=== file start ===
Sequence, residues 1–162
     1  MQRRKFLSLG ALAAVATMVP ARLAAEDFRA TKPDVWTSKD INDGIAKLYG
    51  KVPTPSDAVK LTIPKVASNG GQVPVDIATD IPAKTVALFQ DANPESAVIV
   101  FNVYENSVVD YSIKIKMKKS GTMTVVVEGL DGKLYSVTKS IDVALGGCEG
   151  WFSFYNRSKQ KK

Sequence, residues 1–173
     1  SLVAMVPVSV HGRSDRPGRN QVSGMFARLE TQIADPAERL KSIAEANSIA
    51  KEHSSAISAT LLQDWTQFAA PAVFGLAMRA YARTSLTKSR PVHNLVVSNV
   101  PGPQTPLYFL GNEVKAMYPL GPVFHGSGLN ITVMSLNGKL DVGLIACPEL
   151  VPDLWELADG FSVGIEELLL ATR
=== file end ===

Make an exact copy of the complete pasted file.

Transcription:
Sequence, residues 1–162
     1  MQRRKFLSLG ALAAVATMVP ARLAAEDFRA TKPDVWTSKD INDGIAKLYG
    51  KVPTPSDAVK LTIPKVASNG GQVPVDIATD IPAKTVALFQ DANPESAVIV
   101  FNVYENSVVD YSIKIKMKKS GTMTVVVEGL DGKLYSVTKS IDVALGGCEG
   151  WFSFYNRSKQ KK

Sequence, residues 1–173
     1  SLVAMVPVSV HGRSDRPGRN QVSGMFARLE TQIADPAERL KSIAEANSIA
    51  KEHSSAISAT LLQDWTQFAA PAVFGLAMRA YARTSLTKSR PVHNLVVSNV
   101  PGPQTPLYFL GNEVKAMYPL GPVFHGSGLN ITVMSLNGKL DVGLIACPEL
   151  VPDLWELADG FSVGIEELLL ATR